Perhaps unsurprisingly in a bill of acoustic piano leaders, Jarrett's spirit had already been invoked plenty. The work of his form-defining Standards Trio was an evident reference point for the straight-up trios led by Lui and Bowen Li, whose big-hearted vampy version of "God Bless This Child" he credited to Jarrett's 1983 take. It marked a moment of relative warmth amid Li's frostier musings in the Nordic vein. Baring more than a passing resemblance to Radiohead's "Creep," Li's self-penned opener "A Simple Word Between You and Me" built to a thunderous crag of thwacked bass chords, shimmering cymbals and trilled keys.

But the sound of this trio was generally restrained and autumnal, painting slow hymnal soundscapes resembling Tord Gustavsen. Bassist Lui Ngao Yuen brought an authoritative command and valuable texture, unravelling long searching solos and sympathetic bowed passages. Li's own improvisations displayed a mature, lilting lyricism lifted by the spatial splashes of drummer Dean Li, whose street-smart urban rhythms offered a delicate groove but took care to never swing.

The same drummer anchored Joyce Cheung's group, setting the pace for a sophisticated, post-Esbjorn Svensson outfit whose set of proudly original material marked the concert's greatest surprise. Cheung is clearly a restless composer and arranger, inviting a cello and violin onstage for the set's second half. These added strings bathed a warm, pastoral, chamber-jazz glow over "Come and Go" and "Flow"—both from Cheung's debut LP, Set Loose (2020, Ginger Records)—as well as the neo-classical pretensions of "Etude No. 2 in E-flat," a sequel to (or reworking of) 2021's single "Etude No. 1 in D."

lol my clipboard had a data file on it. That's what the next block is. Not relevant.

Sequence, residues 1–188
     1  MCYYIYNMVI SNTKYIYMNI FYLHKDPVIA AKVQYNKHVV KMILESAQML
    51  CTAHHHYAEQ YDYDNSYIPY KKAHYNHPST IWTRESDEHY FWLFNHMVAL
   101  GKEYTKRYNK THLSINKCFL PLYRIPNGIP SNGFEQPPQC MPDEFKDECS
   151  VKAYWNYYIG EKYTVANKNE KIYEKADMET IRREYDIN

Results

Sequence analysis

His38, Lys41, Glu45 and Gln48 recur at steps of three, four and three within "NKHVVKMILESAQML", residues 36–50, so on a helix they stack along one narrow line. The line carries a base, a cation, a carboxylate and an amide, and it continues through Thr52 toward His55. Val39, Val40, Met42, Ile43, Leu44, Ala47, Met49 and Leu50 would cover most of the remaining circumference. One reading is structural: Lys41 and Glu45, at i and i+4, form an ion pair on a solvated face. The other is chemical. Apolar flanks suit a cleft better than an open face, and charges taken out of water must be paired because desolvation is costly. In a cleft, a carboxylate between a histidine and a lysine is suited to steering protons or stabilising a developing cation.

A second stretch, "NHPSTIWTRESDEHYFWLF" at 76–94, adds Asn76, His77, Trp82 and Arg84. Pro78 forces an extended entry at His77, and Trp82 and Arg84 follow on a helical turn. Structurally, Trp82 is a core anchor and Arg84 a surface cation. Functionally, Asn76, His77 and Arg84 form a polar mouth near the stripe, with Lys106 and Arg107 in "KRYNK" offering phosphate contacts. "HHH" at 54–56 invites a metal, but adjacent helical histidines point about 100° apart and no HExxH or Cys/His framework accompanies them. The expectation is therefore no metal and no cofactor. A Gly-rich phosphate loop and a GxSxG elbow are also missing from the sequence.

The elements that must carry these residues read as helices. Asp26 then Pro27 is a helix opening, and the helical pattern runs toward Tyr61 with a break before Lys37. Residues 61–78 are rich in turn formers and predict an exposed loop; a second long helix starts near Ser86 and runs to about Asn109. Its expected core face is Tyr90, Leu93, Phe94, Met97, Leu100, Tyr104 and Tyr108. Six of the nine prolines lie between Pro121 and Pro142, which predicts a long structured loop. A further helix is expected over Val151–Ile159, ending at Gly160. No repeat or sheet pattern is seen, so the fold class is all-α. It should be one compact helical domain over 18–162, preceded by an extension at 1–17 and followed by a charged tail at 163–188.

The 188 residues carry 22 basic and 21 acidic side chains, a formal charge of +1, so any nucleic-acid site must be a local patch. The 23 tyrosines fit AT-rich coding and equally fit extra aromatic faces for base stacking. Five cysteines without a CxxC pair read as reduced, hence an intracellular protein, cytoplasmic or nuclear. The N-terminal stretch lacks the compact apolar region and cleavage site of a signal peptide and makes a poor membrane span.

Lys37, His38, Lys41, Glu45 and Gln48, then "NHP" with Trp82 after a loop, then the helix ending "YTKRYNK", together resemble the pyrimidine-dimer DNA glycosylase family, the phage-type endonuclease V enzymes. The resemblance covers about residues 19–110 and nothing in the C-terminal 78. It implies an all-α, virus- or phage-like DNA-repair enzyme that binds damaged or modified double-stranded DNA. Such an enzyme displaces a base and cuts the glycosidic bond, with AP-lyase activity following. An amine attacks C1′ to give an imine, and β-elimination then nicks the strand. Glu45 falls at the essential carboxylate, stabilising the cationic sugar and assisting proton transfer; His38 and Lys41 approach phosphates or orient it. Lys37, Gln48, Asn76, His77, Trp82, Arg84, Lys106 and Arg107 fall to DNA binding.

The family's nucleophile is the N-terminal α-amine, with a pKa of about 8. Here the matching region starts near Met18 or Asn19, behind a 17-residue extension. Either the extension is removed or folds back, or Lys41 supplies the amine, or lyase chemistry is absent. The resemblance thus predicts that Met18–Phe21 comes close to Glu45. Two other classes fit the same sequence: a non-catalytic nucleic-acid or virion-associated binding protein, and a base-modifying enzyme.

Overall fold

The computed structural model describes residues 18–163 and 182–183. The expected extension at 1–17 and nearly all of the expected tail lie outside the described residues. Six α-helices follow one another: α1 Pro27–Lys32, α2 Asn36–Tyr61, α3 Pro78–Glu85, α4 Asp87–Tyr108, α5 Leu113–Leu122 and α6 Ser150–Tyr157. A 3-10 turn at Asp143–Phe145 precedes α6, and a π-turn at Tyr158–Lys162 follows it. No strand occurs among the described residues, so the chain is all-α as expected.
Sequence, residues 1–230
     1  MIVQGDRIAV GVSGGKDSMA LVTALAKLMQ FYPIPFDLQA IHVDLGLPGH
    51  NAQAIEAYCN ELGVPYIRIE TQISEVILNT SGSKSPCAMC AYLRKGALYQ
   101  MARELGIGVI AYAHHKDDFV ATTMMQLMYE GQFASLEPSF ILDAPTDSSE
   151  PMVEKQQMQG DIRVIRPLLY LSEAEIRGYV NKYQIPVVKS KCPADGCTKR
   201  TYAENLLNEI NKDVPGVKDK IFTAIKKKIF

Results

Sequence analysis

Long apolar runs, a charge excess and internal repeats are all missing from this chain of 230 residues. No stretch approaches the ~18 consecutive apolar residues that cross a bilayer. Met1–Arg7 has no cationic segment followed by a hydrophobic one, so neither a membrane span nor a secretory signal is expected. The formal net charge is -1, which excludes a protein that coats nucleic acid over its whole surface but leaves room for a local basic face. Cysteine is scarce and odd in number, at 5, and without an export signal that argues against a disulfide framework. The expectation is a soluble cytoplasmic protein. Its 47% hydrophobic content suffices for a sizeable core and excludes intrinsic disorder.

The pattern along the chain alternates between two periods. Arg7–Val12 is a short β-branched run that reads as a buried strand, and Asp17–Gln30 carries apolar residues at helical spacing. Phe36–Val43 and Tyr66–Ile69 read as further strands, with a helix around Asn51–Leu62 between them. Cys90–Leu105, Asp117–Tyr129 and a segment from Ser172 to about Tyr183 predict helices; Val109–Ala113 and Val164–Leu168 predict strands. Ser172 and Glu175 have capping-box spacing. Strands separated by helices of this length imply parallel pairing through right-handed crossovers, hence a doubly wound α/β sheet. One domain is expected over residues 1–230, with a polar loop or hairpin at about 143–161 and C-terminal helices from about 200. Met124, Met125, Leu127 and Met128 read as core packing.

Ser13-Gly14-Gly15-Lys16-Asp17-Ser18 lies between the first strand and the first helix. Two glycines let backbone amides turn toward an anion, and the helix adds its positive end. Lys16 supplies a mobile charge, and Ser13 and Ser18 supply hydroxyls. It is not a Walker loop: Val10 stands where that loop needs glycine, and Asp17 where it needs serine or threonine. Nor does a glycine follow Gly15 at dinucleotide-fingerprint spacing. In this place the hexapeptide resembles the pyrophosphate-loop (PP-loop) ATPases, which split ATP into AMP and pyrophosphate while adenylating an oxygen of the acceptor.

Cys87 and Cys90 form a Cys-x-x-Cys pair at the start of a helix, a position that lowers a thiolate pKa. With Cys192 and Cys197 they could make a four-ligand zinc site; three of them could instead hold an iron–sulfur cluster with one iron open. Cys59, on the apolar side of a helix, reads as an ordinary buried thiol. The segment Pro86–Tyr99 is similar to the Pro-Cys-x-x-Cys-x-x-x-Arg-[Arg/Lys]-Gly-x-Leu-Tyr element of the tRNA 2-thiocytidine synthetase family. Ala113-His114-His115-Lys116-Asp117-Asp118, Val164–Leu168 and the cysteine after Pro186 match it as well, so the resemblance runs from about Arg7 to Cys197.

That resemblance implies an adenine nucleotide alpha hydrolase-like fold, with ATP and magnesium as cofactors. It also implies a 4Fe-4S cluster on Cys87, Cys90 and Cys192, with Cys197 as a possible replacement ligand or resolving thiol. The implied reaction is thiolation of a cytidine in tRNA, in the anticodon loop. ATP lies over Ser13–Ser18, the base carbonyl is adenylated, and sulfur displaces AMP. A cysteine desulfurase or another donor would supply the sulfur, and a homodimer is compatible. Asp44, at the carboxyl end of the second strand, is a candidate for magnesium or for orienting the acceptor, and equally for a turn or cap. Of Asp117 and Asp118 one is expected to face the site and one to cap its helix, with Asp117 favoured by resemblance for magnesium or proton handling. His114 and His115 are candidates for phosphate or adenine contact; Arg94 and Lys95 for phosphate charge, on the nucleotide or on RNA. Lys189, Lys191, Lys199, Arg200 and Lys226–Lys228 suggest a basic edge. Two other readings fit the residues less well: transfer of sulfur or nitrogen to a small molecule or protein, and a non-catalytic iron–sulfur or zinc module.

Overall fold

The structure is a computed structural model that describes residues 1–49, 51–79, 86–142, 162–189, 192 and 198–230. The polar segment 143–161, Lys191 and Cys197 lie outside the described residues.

But it was the core trio's unaccompanied opening salvo "1516" that thrilled the synapses most: Cheung, Li and electric six-string bassist Jackiz Tsang deftly navigating shifting musical centres and rhythmic passages. A swaggering funk vamp drove "Step Back" before it erupted into a heavy metal headbang. Whatever the tempo or mood, Cheung appeared ever-poised, unleashing impish flows of notes that always felt studiously hand-picked yet spontaneous, her playing fluid and uninhibited, precise without being pernickety.

Patrick Lui, the most established name on the list and the sole member of the headlining quartet already in his thirties, was then left to fly the flag for tradition. A relative veteran, Lui has scored three films, produced and arranged for Cantopop band RubberBand and led regular pre- pandemic big band nights. Fresh from a comeback presenting a 13-piece jazz orchestra, Lui dialed things down for this performance premiering a stellar new trio whose dexterity and interplay was a joy to behold.

Over opener "Nobody Else But You," drummer Nate Wong (better known as a member of "cinematic rock" band Nowhere Boys) courted his kit with childish charm, cheekily swinging without ever appearing to hold a beat, rolling and strolling with brushes, mallets, sticks and palms. On Benny Golson's "Stablemates," Lui and bassist Jeff Lehmberg (moonlighting from the Hong Kong Philharmonic Orchestra) danced a beautiful two-step, straddling each other's melodic ideas and blurring the line between soloist and sideman. After a bossa nova-tinged nod to personal hero Fred Hersch, the set rounded with a traditionally swinging "Blues on the Corner," which also served a somewhat robust middle-finger to the plethora of new-fangled jazz conceptions heard onstage.